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Comment Re:Before a human walks on Mars... (Score 1) 285

It would be easier for humans to survive an "extinction-level event" on Earth than for a viable long-term population to survive on Mars. The Mars fans get excited when there's a little frost found there, whereas after the dinosaur-killer hit Earth there were still oceans of water available. We could engineer habitats here to survive almost anything short of the total stripping of atmosphere and oceans from the planet. Mars inhabitants will be struggling just to grow mushrooms.

Comment Re:That's nothing (Score 1) 258

The real test of artificial intelligence will come when the self-driving vehicle will have to decide between plowing into a crowd of people to protect the driver, and smashing into a tree to protect the crowd of people - but killing the driver, when the accident is inevitable.

Yeah, I hate it when that happens (and it happens all the time). So far I've always chosen the crowd of people - why can't we just program the car to do the same?

Comment Same Old Same Old (Score 1) 105

I've been hearing big-brother paranoia theories for decades now. It used to be using credit cards - remember how that would allow the evil corporations to track your every move? Well, now everybody uses them for everything, and the world hasn't collapsed into a dystopian police state yet. And what about those threads in $20 bills? Have they rounded up all the cash yet?

Besides, this story isn't as evil as the headline states anyway - Google doesn't "want" to do anything, they're just doing research at this point. This is no different than using a heartbeat monitor to test for health problems, IMO.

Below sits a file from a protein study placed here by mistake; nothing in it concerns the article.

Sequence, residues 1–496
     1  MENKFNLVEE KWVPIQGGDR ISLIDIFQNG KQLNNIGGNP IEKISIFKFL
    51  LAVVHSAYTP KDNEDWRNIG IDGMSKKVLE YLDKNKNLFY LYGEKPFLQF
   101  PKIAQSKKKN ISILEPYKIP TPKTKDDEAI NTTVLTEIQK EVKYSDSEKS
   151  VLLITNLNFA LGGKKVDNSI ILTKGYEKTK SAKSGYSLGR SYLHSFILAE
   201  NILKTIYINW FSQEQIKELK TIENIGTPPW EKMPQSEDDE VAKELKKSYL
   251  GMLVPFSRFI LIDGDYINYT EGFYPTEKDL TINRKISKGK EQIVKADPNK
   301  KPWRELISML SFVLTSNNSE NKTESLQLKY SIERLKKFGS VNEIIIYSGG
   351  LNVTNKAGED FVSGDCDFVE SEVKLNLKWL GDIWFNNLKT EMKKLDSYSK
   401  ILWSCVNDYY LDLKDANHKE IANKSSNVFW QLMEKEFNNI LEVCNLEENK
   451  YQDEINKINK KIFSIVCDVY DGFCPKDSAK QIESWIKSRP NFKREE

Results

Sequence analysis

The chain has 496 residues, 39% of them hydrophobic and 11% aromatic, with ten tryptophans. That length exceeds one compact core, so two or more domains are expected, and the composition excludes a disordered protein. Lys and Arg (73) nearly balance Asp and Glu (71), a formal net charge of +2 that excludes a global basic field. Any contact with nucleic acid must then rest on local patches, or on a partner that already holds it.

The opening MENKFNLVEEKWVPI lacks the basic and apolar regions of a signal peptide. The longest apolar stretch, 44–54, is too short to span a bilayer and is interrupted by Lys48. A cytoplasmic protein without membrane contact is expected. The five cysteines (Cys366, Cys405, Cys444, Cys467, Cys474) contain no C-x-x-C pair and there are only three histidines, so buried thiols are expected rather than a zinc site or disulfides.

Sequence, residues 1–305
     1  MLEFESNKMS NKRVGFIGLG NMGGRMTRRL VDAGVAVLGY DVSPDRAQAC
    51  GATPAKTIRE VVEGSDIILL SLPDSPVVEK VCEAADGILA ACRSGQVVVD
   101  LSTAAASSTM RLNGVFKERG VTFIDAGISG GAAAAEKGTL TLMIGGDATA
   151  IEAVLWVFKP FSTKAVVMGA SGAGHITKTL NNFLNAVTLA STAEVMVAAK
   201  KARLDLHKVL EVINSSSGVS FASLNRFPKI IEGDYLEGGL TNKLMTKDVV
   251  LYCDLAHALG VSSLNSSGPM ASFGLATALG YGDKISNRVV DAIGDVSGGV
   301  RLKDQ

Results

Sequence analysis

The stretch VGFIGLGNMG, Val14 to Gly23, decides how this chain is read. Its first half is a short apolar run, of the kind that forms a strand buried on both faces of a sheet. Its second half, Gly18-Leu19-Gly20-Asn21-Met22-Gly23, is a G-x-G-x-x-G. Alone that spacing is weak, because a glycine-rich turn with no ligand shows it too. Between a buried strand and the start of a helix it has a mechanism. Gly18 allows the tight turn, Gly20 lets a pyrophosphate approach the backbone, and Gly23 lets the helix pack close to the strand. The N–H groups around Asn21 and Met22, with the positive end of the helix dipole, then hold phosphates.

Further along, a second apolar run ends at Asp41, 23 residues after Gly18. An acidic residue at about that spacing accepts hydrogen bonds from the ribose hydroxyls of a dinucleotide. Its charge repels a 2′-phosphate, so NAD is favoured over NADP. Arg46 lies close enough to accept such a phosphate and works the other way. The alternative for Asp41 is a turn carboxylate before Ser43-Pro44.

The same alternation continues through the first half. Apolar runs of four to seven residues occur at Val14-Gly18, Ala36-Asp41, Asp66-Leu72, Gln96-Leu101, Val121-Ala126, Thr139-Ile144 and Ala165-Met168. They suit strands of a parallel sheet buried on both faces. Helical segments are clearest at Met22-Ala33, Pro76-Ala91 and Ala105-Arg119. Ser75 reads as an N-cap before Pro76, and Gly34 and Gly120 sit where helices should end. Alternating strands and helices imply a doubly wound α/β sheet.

Comment Why Version Control is Important (Score 4, Insightful) 285

Back in the 80's, I was working on a project with three other programmers. Nobody had heard of version control back then; we were using VAX/VMS and it would keep a few versions of a file around after you changed it, which seemed good enough (after all, we all trusted each other, right?)

Well, I don't remember the exact bug(s), but one day I fixed something, and tested it. Fine. A few days later the bug came back. So I went back, fixed it again (wait, didn't I already make this change?). A few days later it came back again.

It turned out that one of the other guys had fixed a different bug, which I had introduced with my fix. So, his fix was to change the code back the way it was. We went back and forth a few times un-doing each others' changes before we realized what was going on. Seeing a revision log with comments on the changes might have helped...

Comment Re:Today's computer science corriculum is practica (Score 2) 154

Nowadays, anything that specific that you don't know, you just google it. I have a master's degree in CS and 30 years experience, don't have a clue what that subnet mask thingy does either, but I can find out in five minutes. Maybe your problem is you're hiring dumb people?

"Consider a spherical bear, in simple harmonic motion..." -- Professor in the UCB physics department